In Myanmar, we don’t have Arts and Culture Funds from Government or any public funds. Many organisations like us have to depend on international funds and support. Several international funders have their own focus issues and filmmakers; film festival organisers have to compromise to get the funding and I think this is not good for the long term.

For example, documentary filmmakers don’t get any support from Government and TV channels, so many filmmakers depend on making Non-Governmental Organisation (NGO)-type films, which are very often merely direct information pieces without artistic expression. I found out that a lot of documentary filmmakers don’t have a chance to experiment in storytelling and develop their filmmaking skills.

Some filmmakers also randomly put at least one issue inside our stories, such as Human Rights, LGBT, or Feminism. That helps attract international attention to get funding. I also believe all these issues are important and really need to highlight in our society but I want these issues to come up naturally into the story and not artificially inserted into the film to attract funding.

What was your exposure to the Burmese cinema in your youth? Who were the key influences for you?

When I was young I didn’t have much chance to go to the cinema so I had to watch most of the Burmese films on TV. Every Sunday there’s a Burmese Classic film programme on the government TV channel. And my parents love to watch foreign films on VHS tape, mostly Hollywood films but sometimes, Japanese films and Chinese films. Director Maung Wunna and Maung Tin Oo are two of my favourite filmmakers from Myanmar.

From my personal point of view, the way director Maung Tin Oo portrayed the ordinary Burmese life in Central Myanmar is very interesting and authentic. Central Myanmar is known as “Ah Nyar”, a very hot and dry region in the middle part of the country. In this area, the majority are Burmese Buddhists and the way they live their life and how Buddhism connects into their society is very significant to me.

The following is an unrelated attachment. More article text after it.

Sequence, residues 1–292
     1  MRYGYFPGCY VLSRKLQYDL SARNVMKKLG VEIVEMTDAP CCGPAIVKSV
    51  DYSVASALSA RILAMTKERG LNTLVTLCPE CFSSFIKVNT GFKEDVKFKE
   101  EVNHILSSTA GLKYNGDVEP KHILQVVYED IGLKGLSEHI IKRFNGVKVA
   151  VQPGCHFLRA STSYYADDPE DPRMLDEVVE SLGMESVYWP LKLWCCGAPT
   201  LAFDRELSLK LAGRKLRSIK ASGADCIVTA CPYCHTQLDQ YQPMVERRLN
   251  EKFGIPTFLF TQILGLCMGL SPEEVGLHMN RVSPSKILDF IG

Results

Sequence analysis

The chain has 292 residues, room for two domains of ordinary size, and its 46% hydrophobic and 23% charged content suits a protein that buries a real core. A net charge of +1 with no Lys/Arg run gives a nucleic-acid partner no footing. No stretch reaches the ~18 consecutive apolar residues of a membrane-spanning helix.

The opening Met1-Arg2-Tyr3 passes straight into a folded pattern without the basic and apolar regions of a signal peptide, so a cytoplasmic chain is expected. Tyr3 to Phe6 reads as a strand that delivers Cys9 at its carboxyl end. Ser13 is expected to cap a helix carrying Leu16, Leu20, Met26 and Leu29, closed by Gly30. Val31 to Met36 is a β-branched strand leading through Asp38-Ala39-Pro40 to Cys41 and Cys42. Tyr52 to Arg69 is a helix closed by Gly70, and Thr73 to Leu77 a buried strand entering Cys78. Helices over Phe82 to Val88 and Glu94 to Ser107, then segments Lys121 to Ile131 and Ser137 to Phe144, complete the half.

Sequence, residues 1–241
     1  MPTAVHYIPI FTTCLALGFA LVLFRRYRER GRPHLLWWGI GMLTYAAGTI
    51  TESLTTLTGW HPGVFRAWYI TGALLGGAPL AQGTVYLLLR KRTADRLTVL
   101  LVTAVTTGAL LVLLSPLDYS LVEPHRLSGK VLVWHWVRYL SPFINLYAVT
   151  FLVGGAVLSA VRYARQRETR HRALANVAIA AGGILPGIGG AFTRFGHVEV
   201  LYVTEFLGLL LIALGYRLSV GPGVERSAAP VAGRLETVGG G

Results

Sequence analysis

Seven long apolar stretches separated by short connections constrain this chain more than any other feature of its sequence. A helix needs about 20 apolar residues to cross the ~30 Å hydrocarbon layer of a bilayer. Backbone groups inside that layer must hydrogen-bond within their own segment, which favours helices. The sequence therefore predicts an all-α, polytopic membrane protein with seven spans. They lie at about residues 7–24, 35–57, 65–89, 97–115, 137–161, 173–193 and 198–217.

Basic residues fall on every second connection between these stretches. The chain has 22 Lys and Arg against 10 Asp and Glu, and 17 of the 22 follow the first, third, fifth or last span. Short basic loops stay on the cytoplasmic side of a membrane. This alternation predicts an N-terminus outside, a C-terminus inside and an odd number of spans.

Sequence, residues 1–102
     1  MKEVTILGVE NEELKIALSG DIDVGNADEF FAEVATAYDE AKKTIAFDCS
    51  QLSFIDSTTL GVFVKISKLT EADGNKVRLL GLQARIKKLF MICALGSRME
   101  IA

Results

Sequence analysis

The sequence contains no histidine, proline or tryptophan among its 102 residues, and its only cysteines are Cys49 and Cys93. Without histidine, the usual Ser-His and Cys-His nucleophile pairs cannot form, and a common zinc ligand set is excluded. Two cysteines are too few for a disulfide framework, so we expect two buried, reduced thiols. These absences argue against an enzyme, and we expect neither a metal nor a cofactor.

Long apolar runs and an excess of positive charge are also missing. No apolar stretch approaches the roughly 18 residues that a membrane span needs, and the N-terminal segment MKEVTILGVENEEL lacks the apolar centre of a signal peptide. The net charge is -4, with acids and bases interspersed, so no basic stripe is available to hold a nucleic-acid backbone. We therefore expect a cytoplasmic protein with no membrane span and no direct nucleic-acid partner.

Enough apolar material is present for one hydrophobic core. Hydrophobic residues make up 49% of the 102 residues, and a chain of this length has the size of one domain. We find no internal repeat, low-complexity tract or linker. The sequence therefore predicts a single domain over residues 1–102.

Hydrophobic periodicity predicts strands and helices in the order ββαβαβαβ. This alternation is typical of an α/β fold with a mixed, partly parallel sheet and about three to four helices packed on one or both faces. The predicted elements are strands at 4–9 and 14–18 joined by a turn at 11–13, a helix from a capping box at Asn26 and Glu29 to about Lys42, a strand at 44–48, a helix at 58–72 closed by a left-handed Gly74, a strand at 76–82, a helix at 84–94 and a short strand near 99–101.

Director Maung Wunna is also another unique filmmaker whose father was also the well-known filmmaker, Thar Du, and his brothers are also well-known writers, singers and actors. Their family is known for the Realistic approach in Myanmar Cinema. Every film he made shows a deep research on characters and their social background.

His films normally included non-actors, his artist friends and ordinary people, plus his own brothers and he did two feature films with each of his sons as the main character in the film. He knows very well Burmese traditional music and theatre and uses them carefully in his films.

Which South-east Asian cinema do you feel close to in terms of being a role model?

As much as I know, Myanmar filmmakers are more influenced by Indian and Japanese Cinema than South-east Asian film. Nowadays, the young generation is more interested in Korean Cinema. Thai horror films are also quite popular in Myanmar mainstream film industry. Even though we are a part of South-east Asia, we don’t have much chance to see South-east Asian independent films. That’s why we try to screen South-east Asian independent short films in Wathann Film Festival.

What do you want to achieve for Burmese independent cinema?

As we all know Myanmar’s independent film scene is still young, but there’s a hope that there will be a few independent films emerging from Myanmar and achieve some recognition from international film festivals, and then more international co-productions could happen for other filmmakers.

There are some interesting filmmakers in Myanmar who can make good short films, but to make feature films will be a big step for them. And, most importantly, the government or public funding for independent films needs to be established in Myanmar.

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Lamin Oo.


After meeting cinematographer Khin Maung Kyaw at the Yamagata Documentary Film Festival in 2015, he quickly introduced me to his Tagu Film partner, Lamin Oo, when I finally reached Yangon in 2019. What was quickly apparent was that these were the young talents who have fired up the Wathann Film Festival for the last 10 years. Since founding Tagu Films in 2013, this group of four friends has been all over the Burmese filmscape from independent to mainstream, from documentary to fiction and video art. Philip Cheah finds out more from Lamin Oo.

Philip Cheah: You have become quite significant in this new Myanmar cinema consciousness. Films from your company have been winning awards at Wathann for many years. Tell us about your early life in the US and your decision to return to Burma. What did you graduate in and what work did you do before going into film? Why choose film?